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Cyber Awareness

Do Your Part. #BeCyberSmart.

October is Cybersecurity Awareness Month.

The theme for 2022 in the Commonwealth of Virginia is "We’re all in.” Because we are all in on cybersecurity in Virginia.

We want to empower you with the awareness and tools you need to protect your part of cyberspace. This includes information on implementing stronger security practices, raising community awareness, educating vulnerable audiences or training employees.

Grant Opportunities

Federal cybersecurity grants

As part of the federal Infrastructure Investment and Jobs Act of 2021, the Commonwealth of Virginia has applied for federal cybersecurity grants to help state, local and tribal public bodies address gaps in government cybersecurity programs.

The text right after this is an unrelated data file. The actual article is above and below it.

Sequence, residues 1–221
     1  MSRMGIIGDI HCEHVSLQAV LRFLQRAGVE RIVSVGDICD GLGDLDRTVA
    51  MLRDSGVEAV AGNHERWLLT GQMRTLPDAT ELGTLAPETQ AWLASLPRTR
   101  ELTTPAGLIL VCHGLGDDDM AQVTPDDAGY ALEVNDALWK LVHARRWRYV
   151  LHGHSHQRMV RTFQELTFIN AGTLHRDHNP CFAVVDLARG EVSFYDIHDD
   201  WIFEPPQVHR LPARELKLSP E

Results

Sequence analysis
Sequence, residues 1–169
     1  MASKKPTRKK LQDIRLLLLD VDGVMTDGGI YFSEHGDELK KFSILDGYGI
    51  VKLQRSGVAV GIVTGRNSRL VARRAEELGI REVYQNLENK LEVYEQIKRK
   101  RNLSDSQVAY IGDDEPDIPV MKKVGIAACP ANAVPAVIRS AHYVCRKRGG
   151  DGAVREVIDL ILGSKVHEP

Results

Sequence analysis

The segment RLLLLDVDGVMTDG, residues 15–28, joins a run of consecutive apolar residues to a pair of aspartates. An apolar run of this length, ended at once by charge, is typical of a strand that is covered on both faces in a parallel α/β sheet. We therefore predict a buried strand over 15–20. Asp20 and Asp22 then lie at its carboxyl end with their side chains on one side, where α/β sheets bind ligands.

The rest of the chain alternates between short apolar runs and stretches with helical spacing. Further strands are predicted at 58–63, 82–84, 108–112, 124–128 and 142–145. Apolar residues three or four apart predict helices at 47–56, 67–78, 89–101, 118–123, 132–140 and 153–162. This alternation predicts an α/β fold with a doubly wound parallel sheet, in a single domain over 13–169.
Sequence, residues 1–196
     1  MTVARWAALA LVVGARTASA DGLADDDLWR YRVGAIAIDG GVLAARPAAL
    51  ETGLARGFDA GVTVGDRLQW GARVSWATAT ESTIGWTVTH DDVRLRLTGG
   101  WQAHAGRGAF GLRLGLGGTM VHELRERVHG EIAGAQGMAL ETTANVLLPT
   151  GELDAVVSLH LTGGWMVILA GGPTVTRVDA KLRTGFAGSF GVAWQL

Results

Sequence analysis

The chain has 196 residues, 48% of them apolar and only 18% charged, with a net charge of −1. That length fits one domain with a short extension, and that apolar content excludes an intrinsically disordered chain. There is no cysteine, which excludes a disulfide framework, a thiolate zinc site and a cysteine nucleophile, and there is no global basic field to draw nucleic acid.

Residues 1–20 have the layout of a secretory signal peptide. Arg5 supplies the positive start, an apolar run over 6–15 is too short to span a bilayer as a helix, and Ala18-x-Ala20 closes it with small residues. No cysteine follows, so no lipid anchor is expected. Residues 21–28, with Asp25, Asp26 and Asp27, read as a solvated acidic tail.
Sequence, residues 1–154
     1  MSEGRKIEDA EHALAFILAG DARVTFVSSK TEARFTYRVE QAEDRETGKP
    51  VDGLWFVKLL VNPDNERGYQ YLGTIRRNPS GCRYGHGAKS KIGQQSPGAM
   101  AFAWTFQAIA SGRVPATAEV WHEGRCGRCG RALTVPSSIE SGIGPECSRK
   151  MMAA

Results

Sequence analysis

Actions taken by the Commonwealth of Virginia

Driven by the increase in cyber threats, the grants do require states to cover a percentage of the costs with matching funds. Earlier this year, the Virginia General Assembly appropriated those state matching funds, more than $4.9 million.

With the application process now complete, VITA and our partners including the Virginia Department of Emergency Management (VDEM) serving as the State Administrative Agency (SAA), are collaborating with the cybersecurity planning committee, which was created in response to grant program requirements. The committee is developing and will approve the cybersecurity plan and priorities.

Please visit our Federal Cybersecurity Grants page for more information, list of members, and meeting schedules.

 

Cyber Resources and Community Outreach

Cyber criminals do not discriminate; they target vulnerable computer systems regardless of whether they are part of a large corporation, a small business or belong to a home user.

Cybersecurity is a shared responsibility in which all Virginians have a role to play. Check out these resources for students, parents, educators, and localities.

Available online resources all in one place.

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CYBERSECURITY AWARENESS PROGRAM GOVERNMENT RESOURCES